48

SPC Beche-de-mer Information Bulletin #31 – January 2011

Review of saponin diversity in sea cucumbers belonging
to the family Holothuriidae
Guillaume Caulier,1* Séverine Van Dyck,1 Pascal Gerbaux,2 Igor Eeckhaut1 and Patrick Flammang1
Abstract
Saponins are secondary metabolites produced by holothurians. Structurally, they are triterpene glycosides
that play an important role in chemical defense and possess a wide spectrum of pharmacological effects.
This review highlights the very high diversity of saponins detected in different species of the family Holothuriidae. No less than 59 triterpene glycosides are reported. Several saponins are shared by many species
but others are very specific. Overall, most species appear to possess a specific congener mixture. The most
evident inter-specific differences that can be highlighted among Holothuriidae are based on the presence
or absence of a sulfate group attached to the carbohydrate chain of their saponins. Within a single animal,
saponin mixtures also present different concentrations and compositions depending on the organ, with
Cuvierian tubules showing the highest saponin concentrations. All of the data combined indicate a complex
chemical defence mechanism with different sets of saponins originating from different body compartments
and presenting different properties in relation to their ecological role(s).

Introduction
Saponins are an important class of natural products first discovered in higher plants where they
are widely spread (Li et al. 2006). In the search for
new pharmacologically active substances, saponins
have also been isolated from marine organisms such
as holothurians (Nigrelli 1952; Yamanouchi 1955),
seastars (Mackie and Turner 1970) and sponges
(Thompson et al. 1985). Structurally, holothurian
saponins are described as triterpene glycosides
composed of an oligosaccharide chain and an aglycone based on holostane-3b-ol (Fig.1A) (Kornprobst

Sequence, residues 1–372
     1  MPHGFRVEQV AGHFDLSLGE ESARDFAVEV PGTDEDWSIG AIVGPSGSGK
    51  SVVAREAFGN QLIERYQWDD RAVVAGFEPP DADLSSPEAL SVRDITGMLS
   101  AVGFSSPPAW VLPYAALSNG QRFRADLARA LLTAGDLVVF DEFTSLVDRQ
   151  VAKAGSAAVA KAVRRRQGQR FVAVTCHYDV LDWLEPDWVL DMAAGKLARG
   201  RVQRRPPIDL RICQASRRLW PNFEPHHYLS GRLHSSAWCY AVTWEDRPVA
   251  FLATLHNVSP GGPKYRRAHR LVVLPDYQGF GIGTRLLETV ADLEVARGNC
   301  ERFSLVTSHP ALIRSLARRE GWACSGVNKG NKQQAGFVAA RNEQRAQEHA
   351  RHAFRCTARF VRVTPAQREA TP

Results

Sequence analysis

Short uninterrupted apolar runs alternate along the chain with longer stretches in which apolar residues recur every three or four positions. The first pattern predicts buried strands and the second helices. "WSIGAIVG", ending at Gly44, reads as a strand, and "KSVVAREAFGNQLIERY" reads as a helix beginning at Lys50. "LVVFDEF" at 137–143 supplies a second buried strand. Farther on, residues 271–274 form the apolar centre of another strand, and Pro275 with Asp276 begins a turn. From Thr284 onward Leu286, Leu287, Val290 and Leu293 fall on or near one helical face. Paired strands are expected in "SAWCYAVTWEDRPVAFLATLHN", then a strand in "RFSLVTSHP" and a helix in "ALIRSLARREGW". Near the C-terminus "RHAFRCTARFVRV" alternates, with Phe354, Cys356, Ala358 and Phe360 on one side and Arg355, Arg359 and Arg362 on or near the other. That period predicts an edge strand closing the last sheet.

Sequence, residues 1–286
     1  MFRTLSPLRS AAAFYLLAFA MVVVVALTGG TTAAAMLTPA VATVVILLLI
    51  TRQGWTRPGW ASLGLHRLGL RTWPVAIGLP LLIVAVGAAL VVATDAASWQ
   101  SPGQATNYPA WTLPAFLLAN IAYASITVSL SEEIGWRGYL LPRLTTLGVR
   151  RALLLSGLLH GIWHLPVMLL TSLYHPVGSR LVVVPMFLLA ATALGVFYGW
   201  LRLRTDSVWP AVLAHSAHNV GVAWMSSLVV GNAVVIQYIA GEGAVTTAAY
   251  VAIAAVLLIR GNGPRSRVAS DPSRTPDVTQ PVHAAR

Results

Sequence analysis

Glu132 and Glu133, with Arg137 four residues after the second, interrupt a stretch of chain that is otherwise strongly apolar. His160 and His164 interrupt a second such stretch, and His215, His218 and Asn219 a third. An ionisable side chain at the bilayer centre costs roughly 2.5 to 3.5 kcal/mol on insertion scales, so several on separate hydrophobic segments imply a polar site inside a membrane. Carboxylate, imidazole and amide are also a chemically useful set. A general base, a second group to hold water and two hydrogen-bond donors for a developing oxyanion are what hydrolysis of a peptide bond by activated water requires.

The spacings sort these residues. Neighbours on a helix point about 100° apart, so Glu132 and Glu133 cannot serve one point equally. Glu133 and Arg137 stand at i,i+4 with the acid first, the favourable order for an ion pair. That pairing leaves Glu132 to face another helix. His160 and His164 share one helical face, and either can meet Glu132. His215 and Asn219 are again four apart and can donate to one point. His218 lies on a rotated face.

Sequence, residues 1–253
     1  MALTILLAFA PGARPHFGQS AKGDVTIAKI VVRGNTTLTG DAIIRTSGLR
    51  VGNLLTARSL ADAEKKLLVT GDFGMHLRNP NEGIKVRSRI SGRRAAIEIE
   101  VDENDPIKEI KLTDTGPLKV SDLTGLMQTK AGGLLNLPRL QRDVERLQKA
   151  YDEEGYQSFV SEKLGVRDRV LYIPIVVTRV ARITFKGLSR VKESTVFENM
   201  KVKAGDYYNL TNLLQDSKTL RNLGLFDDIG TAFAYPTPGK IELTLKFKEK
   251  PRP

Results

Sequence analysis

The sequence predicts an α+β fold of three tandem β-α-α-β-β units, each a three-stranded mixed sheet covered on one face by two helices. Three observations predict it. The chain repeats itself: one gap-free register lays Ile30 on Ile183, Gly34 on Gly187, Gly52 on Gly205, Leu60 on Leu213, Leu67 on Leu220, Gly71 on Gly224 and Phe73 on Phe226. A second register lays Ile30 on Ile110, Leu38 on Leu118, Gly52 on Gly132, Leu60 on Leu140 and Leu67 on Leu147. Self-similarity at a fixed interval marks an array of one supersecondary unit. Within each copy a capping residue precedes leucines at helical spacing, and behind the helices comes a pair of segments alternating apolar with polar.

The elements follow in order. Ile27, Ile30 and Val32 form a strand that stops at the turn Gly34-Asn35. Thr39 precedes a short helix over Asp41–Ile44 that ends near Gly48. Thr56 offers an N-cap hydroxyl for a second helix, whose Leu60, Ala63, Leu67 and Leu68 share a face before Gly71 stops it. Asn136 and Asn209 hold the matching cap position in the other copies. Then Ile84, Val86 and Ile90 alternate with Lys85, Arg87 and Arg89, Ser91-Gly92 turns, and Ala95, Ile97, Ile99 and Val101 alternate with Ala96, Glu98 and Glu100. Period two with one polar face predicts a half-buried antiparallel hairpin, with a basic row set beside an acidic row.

2005). Saponins of Holothuriidae (Fig. 1B,C) contain a D9(11) double bound in the aglycone and the
carbohydrate chain encloses up to 6 sugars units,
including xylose, glucose, 3-O-methylglucose and
quinovose, and can be branched only once (Kalinin
et al. 2005). Some of these saponins can be sulfated
at the level of the sole xylose (Fig. 1C).
Holothurian triterpene glycosides present a high
scientific interest in pharmacology and ecology.
Indeed, these secondary metabolites have been
reported to possess a wide spectrum of pharmacological effects including hemolytic, antitumoral,
anti-inflammatory, antifungal, anti-bacterial, antiviral, ichthyotoxic, cytostatic and antineoplastic
activities (Kerr and Chen 1995; Kalinin et al. 1996a,
1996b; Prokofieva et al. 2003). Many of these activities are the result of their tensioactive properties. In

ecology, saponins are deleterious for most organisms and probably function as a chemical defense
to deter predation (Kalinin et al. 1996a, b; Van Dyck
et al. unpubl. obs.).

Saponin diversity in Holothuriidae
This article reviews the diversity of saponins
detected in different species of the family Holothuriidae. Table 1 presents all the saponins extracted and
characterized from holothurians of the genera Actinopyga, Bohadschia, Holothuria and Pearsonothuria during the last 40 years. Saponins detailed in this table
have been purified by different methods including
liquid-liquid extractions with different solvents,
solid phase extraction or chromatography (silica
gel or resins), and high performance liquid chromatography. Mass spectrometry-based techniques and
nuclear magnetic resonance combined with chemical reactions and chemical evidence were used to
highlight the chemical structure of these saponins.
Table 1 emphasizes the very high diversity of
saponins in holothuriids. Indeed, no less than 59
triterpene glycosides are reported. When these data
are gathered from the literature, some nomenclature problems can be identified. It happens that
two names have been given independently to the
same molecule. For instance, the structure of nobiliside 2a detailed by Wu et al. (2006c) corresponds
exactly to desholothurin A described by Rodrigez
et al. (1991). Also, authors should homogenize the

1. University of Mons, Marine Biology Laboratory, 7000 Mons, Belgium.